Friday, December 12, 2014

For IENs: B.C. Nursing Community Assessment Service

For IEN (internationally educated nurses) who plan on getting licensed in British Columbia (B.C., Canada) to note: On Nov 5th, 2014, CRNBC announced a project to create a new Nursing Community Assessment Service (NCAS) for Internationally Educated Practitioners (IEPs) by March 2016. Below is quoted from the announcement.

"The purpose of the NCAS is to support the regulatory colleges and the Care Aid Registry to make decisions about registering IEPs by:
  • Determining if IEPs have competencies that are substantially equivalent to those of entry-level Registered Nurses, Registered Psychiatric Nurses, Licensed Practical Nurses, and Health Care Assistants in BC
  • Identifying competence gaps to assist regulators to determine appropriate supplementary education
  • Identifying an alternate profession/role for which the applicant has demonstrated the competencies.
The NCAS project is an initiative led jointly by the BC Care Aide & Community Health Worker Registry (the Registry), and the three nursing regulatory colleges (CLPNBC, CRNBC, CRPNBC) as the nursing community partners."

Note: IEPs refer to internationally-educated Registered Nurses, Registered Psychiatric Nurses, Licensed Practical Nurses (also known as Assistant Nurses or Enrolled Nurses in Singapore), and Health Care Assistants. According to the quick facts provided in the announcement, "Roughly 1450 IEPs seek registration in the four professions in BC each year." For details, please refer to the CRNBC announcement or their PDF download.


For those who intend to work in the Metro Vancouver area, I suggest checking out the Government of Canada Job Bank to understand the job market better. Please see below for some statistics on the Lower Mainland - Southwest region, i.e. Metro Vancouver as of Dec-14, 2014.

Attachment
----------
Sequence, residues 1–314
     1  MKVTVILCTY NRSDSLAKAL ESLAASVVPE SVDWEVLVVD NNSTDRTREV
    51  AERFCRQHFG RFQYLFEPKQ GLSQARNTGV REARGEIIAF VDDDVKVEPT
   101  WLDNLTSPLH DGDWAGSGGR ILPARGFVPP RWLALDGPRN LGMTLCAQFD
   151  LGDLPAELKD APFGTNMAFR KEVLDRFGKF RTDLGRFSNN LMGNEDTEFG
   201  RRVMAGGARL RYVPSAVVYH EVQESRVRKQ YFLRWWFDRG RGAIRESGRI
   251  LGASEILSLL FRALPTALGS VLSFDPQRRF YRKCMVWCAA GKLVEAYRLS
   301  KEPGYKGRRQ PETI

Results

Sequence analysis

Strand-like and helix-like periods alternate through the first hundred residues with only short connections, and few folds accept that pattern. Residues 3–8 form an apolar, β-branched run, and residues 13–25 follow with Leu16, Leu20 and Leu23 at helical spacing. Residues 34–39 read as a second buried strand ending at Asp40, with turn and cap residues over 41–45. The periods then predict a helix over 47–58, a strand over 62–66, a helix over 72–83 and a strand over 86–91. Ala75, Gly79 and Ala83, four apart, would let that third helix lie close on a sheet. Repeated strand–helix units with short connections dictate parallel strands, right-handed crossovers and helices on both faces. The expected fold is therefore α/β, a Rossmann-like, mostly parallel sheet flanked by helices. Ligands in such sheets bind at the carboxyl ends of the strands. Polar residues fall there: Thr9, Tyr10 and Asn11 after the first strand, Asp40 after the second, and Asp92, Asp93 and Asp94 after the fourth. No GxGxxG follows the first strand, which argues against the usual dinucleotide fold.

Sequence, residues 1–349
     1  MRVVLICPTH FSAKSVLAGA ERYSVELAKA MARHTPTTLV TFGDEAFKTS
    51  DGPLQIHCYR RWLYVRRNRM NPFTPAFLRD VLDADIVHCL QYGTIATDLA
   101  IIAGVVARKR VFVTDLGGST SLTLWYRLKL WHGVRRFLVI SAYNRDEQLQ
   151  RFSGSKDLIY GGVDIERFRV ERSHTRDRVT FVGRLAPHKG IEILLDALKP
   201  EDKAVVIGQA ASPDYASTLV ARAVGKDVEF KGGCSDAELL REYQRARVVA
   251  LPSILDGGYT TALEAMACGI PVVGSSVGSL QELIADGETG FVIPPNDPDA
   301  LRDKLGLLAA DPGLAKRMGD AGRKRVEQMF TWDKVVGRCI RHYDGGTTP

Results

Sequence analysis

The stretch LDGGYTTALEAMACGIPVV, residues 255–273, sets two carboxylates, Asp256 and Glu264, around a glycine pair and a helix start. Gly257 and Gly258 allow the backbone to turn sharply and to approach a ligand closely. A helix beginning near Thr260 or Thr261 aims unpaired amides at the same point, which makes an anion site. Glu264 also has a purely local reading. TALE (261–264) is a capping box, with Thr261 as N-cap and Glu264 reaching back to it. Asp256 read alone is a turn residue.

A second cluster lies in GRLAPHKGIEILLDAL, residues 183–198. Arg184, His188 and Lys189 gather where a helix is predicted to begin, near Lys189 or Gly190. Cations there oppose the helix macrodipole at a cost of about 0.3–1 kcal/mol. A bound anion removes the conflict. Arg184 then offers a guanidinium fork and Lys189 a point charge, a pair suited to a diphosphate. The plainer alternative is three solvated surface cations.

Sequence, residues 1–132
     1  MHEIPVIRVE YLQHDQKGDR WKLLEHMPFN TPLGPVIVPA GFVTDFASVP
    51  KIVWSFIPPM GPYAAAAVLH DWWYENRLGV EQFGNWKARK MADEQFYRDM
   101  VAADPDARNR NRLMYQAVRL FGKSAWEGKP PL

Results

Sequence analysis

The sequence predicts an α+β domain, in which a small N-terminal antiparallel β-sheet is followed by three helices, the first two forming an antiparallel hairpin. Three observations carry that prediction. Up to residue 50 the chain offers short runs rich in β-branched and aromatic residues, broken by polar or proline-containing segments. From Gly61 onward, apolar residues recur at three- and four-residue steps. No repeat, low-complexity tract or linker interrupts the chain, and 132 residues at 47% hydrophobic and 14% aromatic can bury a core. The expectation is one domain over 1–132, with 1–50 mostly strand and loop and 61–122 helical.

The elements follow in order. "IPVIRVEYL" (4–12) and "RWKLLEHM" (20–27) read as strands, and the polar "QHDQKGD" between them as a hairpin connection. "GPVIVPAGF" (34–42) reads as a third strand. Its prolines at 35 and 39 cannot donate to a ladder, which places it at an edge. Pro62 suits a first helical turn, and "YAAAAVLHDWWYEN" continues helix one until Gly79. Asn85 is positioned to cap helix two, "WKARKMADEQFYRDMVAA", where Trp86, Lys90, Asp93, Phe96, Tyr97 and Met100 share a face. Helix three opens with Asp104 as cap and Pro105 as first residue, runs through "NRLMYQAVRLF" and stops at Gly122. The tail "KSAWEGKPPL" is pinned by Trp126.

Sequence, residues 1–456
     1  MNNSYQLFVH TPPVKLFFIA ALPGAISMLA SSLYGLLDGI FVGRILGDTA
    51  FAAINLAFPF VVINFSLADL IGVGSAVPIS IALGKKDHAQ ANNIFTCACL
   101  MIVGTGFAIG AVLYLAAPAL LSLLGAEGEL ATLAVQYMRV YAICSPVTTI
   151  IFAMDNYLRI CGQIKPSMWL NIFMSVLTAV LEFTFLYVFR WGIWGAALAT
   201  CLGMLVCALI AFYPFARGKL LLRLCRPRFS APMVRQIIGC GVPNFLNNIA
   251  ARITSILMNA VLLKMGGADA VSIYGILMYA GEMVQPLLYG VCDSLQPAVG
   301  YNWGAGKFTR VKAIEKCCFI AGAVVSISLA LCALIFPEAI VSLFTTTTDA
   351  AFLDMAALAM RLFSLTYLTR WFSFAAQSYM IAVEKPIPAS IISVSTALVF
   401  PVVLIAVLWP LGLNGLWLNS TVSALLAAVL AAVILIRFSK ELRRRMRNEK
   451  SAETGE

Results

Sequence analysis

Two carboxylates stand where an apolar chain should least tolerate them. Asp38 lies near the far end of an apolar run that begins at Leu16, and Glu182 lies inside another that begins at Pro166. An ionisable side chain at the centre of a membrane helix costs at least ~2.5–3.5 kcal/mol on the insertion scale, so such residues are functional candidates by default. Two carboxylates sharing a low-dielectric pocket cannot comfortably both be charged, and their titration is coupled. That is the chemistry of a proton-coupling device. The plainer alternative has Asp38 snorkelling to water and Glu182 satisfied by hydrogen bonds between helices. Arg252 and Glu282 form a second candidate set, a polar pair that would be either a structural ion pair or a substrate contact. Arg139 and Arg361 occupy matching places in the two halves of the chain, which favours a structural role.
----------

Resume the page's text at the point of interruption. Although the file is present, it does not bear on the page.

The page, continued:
1. For Registered Nurses and Registered Psychiatric Nurses (NOC 3152 - A)  - There are 133 job postings (including 3 months-old postings). According to the Outlook report released on May 22, 2014, the job outlook is "Good" because of the expectation that job openings will be created as older workers retire and "according to the 2011 National Household Survey, ... 21% of workers were 55 years old and older." That said, your individual experience may differ, click here and here for examples.
  2. For Licensed Practical Nurses (NOC 3233 - B) - There are 4 job postings (November and December 2014). According to the Outlook report released on May 22, 2014, the job outlook is "Good" because of the expectation that job openings will be created as older workers retire and "according to the 2011 National Household Survey, ... 14% of workers were 55 years old and older." Again, your individual experience may differ. Back in 2013, I have met several LPNs who told me about themselves and/or their schoolmates having difficulty landing full-time/part-time LPN jobs up to 9 months after graduation, surviving on casual (on-the-call) jobs instead.